Digging out the Downing Street secrets behind the forging of the 1998 Good Friday Agreement – By Eamonn Mallie

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How rarely we get a chance to “feel the hand of history upon our shoulder” in the life of a country.

In a confidential memo authored by John Holmes, Principal Private Secretary to former Prime Minister Tony Blair during the making of the 1998 Good Friday Agreement we can now uniquely sit on his window ledge and share a truly history making moment – a moment which has delivered over twenty years of peace in Northern Ireland.

Holmes, blessed with good shorthand, in a secret 19 pages long document, the contents of which I am putting in the public domain for the first time, captures the extraordinary twists and turns of the vexed Good Friday Agreement Talks successfully negotiated between April 7 – April 10 1998.

The making of that Agreement, against all the odds brought to a close thirty years of violence in Northern Ireland at the hands of the IRA and Loyalist organisations responsible for the loss of over 3500 lives.

We see in this remarkable account of the making of the Good Friday Agreement the, of necessity sleight of hand actions of governments being deployed to obviate intractable problems: terms ‘fudge’ ‘concocting a letter’ and talk of the principle of “mutually assured destruction” confirmed as such mechanisms deployed by both the British and Irish governments in these intricate negotiations to reach an ultimate agreement.

John Holmes literally sat at Tony Blair’s knee from the moment he arrived at Hillsborough Castle on April 7 until that moment at 5.30pm on April 10 1998 when US chairman of the Talks, Senator George Mitchell said “I am pleased to announce that the two governments and the political parties in Northern Ireland have reached agreement.”

Holmes reveals to readers of this document ‘the supply of meeting records dried up on April 9, victim of a combination of exhaustion and the speed at which events were moving.’

Holmes penned his record of the events of those fateful days of history making on April 13 feeling he was the best placed person in any of the three governments, the British, Irish or American, or in any of the political parties to know what exchanges took place across the board.

Despite the upbeat note struck by Mr Blair on Tuesday April 7 when he touched down at Hillsborough Castle with those immortal words “a day like today is not a day for sound bites, we can leave those at home, but I feel the hand of history upon our shoulder with respect to this, I really do” – many of us considered those words would prove a hostage to fortune for Mr Blair.

John Holmes was literally standing a short distance away from Tony Blair when those words fell from his boss’s lips.

His own words reflect a sharing of our cynicism about the PM’s sentiments on the day: “the situation looked bleak as we arrived in Belfast late on Tuesday afternoon” he writes.

The reading of these nineteen pages of history from a primary source reveals the tension, the fears, the insecurities of all parties worried of being outsmarted including Taoiseach Bertie Ahern, who shared his concern with his British counterpart that he could change Articles 2 and 3, and then get nothing for it.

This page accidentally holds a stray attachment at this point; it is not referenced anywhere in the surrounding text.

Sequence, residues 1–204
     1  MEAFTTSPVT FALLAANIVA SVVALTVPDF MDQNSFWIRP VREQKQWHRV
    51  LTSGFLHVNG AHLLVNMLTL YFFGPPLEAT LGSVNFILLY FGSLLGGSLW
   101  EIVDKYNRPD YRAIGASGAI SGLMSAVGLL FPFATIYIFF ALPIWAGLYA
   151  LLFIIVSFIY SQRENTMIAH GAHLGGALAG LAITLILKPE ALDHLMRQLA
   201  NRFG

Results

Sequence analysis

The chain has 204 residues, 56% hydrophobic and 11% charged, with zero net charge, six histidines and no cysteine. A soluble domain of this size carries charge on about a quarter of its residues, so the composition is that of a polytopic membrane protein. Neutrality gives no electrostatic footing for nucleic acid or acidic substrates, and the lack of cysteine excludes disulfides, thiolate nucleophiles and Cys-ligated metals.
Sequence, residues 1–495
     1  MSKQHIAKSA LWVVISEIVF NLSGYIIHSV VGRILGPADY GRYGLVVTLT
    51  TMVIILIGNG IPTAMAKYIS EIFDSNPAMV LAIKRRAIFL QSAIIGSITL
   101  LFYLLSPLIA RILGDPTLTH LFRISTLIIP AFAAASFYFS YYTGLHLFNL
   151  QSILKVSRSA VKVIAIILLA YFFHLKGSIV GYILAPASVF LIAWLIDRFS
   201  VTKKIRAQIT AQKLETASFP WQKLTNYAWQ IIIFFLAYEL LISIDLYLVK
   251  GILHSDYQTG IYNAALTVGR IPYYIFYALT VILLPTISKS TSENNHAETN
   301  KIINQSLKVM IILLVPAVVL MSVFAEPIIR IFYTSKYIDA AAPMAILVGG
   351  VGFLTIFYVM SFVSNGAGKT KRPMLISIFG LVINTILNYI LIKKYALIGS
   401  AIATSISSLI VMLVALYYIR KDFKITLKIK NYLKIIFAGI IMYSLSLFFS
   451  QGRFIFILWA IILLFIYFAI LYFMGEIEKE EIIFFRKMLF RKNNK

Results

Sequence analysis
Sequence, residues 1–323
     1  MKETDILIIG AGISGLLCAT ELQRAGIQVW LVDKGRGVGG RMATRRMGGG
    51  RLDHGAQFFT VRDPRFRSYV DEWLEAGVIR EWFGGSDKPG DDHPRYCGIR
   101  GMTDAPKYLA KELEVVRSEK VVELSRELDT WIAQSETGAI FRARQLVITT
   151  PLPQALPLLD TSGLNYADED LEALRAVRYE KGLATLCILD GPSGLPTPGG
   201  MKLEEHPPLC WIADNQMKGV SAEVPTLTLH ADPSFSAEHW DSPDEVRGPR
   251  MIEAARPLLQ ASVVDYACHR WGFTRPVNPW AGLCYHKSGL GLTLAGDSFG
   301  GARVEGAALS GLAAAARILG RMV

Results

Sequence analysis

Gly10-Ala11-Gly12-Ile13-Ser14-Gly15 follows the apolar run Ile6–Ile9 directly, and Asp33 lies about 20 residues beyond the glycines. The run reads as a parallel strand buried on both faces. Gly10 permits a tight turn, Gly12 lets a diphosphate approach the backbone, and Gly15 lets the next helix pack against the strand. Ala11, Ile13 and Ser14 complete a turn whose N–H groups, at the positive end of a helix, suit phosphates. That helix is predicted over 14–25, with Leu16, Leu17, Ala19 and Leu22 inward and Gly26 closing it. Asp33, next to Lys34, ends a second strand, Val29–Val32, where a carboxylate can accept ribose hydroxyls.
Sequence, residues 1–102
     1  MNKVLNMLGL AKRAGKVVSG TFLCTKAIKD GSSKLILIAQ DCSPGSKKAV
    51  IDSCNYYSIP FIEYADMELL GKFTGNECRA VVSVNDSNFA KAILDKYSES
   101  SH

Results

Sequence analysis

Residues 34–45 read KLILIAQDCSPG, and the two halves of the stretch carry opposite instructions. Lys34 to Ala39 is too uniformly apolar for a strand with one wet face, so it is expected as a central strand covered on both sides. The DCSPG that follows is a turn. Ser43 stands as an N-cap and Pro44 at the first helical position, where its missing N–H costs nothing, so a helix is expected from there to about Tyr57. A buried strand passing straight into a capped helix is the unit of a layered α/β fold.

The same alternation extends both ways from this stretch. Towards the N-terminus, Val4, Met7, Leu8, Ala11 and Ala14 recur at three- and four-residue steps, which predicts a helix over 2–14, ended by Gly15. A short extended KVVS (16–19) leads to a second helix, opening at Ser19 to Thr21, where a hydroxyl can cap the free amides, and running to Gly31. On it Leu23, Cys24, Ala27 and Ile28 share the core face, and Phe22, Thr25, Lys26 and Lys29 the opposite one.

SDLP deputy leader Seamus Mallon made clear SDLP awareness of ‘Sinn Féin’s strategy of gobbling them up politically.’ Sinn Féin warned of the dangers of “the Orange card.”

Some elements in the Ulster Unionist party felt Dublin wanted to damage their party.

UUP leader David Trimble had to deal with his own ‘40-foot bargepole Man’ John Taylor who put his boss under considerable pressure arising out of a decision by Senator George Mitchell to insist on including in the text put on the table late on Monday night of two long un agreed annexes of issues for North-South co-operation.

This, according to Holmes had ‘pushed the Unionists over the edge.’

There was worse up ahead for David Trimble: – Sinn Féin’s desire to be in government without the IRA having given up their guns and their demand for the release of prisoners within two years of the signing of the Good Friday Agreement.

With the emerging package now in tatters and David Trimble’s camp in revolt, with Jeffrey Donaldson particularly vocal, Holmes discloses that after a difficult meeting with Trimble and his party over Sinn Féin being in government without IRA guns being given up “we ‘concocted’ a letter to Trimble making clear that, if after six months of the Assembly the present rules to promote non-violent methods had proved ineffective, we would support changing the rules to give them teeth.”

Holmes confirms the PM and his office then ‘enlisted’ Clinton’s help through a direct phone call to Trimble.

Holmes writes “the cause still looked hopeless. Suddenly at about 16:30, the picture changed again. Rumours reached us that, following the  Prime Minister’s letter and Clinton’s call, Trimble had taken renewed heart and called a vote, which he narrowly won.

History was born.

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About Author

Eamonn Mallie

I am a regular contributor to discussion programmes on TV and radio both at home and abroad. An experienced political editor and author specialising in Politics, Security and 20th Century Art.

1 Comment

  1. Thank you for this reflection, Eamonn. The lessons from the process, twenty years on, are still in good use and give inspiration to people in many corners of the world. I myself will be returning to the process again on the coming tuesday in the Basque Country

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